Project Summary:

Computer and sensor networks, link structure of websites, social networks, data organization and the flow of computation in general are a few examples of relational systems that can be modelled as graph representations in the context of computer science. In particular, graphs and graph theory has been proved as a powerful technique to detect cyber and physical attacks, abnormal user behaviour or web spam.

The success of graph theory in many of this application in comparison with other machine learning technologies, where only the raw data is used, is justified due to the reduced limited of examples for supervising the learning process. Thus, the exploitation of the underlying structure of the data helps mitigate the lack of training data. Attempting to better use this additional source of information, initial machine learning approaches to cope with graph structured data made use of a preprocessing stage which maps the graph to a simpler representation, such as a matrix representation or a vector of reals. However, this process implies a compression or ‘squash’  of the graph structure, where information may be lost or not fully extracted.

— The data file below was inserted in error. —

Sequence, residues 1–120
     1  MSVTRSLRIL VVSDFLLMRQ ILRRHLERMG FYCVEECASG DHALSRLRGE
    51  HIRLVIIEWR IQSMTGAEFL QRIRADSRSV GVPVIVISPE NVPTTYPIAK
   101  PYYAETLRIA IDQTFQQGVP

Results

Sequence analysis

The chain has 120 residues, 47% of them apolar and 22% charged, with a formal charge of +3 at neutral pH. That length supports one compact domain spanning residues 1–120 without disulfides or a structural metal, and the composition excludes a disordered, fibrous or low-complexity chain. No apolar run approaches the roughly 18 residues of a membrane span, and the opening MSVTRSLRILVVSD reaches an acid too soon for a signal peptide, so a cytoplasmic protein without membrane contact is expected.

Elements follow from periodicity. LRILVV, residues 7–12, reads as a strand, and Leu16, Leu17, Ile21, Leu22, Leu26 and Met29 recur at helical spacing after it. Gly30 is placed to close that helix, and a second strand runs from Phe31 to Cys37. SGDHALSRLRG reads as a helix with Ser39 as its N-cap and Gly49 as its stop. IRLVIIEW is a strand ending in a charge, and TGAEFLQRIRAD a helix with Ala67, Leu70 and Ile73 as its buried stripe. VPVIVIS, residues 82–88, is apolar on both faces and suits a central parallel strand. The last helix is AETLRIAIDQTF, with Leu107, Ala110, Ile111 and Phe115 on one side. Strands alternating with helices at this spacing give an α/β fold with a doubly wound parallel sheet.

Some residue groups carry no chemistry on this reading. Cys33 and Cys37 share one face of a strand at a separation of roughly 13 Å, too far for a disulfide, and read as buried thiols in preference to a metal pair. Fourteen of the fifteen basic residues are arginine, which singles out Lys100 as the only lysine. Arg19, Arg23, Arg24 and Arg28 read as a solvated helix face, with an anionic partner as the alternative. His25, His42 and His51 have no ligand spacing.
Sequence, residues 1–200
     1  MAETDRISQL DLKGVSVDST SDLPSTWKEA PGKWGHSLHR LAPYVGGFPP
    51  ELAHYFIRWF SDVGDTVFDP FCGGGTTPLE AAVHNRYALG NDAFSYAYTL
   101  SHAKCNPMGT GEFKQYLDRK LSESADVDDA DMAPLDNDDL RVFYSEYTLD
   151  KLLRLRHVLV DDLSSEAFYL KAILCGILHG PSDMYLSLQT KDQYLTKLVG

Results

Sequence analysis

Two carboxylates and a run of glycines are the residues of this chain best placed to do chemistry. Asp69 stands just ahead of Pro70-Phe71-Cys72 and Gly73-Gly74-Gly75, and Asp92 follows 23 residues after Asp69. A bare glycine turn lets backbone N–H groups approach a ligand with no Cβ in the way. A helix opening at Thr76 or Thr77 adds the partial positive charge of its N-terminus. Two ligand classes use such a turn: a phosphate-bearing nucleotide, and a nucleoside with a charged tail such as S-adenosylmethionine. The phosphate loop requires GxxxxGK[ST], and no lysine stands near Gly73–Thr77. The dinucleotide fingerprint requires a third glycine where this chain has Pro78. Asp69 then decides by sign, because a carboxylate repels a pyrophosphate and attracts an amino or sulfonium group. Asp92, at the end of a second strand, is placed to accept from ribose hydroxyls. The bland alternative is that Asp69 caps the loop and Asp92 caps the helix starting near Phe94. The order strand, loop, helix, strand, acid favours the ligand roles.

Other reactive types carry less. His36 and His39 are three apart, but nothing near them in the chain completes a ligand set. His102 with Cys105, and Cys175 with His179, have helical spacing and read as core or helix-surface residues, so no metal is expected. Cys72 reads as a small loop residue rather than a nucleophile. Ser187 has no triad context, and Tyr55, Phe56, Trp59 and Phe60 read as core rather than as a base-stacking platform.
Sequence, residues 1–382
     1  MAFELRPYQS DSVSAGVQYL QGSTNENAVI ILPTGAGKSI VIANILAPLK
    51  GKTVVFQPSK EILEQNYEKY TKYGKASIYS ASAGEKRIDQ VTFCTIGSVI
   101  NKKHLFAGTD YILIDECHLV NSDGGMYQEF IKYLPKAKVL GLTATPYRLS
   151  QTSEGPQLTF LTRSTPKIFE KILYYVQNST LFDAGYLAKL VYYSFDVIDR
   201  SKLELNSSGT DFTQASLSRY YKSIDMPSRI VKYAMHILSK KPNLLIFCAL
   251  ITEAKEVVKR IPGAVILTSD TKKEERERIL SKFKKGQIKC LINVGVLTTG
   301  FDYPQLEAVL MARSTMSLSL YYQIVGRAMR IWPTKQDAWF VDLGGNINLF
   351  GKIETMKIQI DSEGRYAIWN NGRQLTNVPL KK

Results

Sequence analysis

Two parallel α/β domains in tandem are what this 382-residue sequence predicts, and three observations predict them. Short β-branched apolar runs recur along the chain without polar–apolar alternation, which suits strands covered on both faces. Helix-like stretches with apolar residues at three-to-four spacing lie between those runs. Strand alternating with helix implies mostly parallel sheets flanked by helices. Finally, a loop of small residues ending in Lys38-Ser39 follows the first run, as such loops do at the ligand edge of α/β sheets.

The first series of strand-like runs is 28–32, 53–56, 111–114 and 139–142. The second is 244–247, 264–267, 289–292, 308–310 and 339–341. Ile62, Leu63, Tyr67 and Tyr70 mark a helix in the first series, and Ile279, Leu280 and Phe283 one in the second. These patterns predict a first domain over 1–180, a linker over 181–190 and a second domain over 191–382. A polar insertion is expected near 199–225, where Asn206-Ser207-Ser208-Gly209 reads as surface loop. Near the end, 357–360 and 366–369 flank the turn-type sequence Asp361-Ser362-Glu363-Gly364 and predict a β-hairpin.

Recently techniques combining graph representation with neural networks have been proposed, such as Graph Neural networks GNN, Relational Neural Networks (RelNNs) and Probability Mapping Graph Self Organizing Maps (PM-GraphSOMs).  These techniques have shown their potential to represent any type of general graph (directional, bidirectional, cyclic, etc..) and their attributes, and deal directly with graph structured information. However, these techniques do not fully exploit recent advances in deep learning in their architectures. They are also limited to static domains, where the input graph cannot change over time. In this project we will investigate techniques for addressing these current limitations.

Contact Details:

Jesus Martinez del Rincon


Telephone:+44 (0)28 9097 5626